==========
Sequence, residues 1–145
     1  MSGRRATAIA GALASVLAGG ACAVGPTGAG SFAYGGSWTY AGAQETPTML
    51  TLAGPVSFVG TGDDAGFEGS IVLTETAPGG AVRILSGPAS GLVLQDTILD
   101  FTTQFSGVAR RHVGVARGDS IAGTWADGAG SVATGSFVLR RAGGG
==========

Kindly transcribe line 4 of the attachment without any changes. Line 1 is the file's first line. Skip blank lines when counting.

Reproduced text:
   101  FTTQFSGVAR RHVGVARGDS IAGTWADGAG SVATGSFVLR RAGGG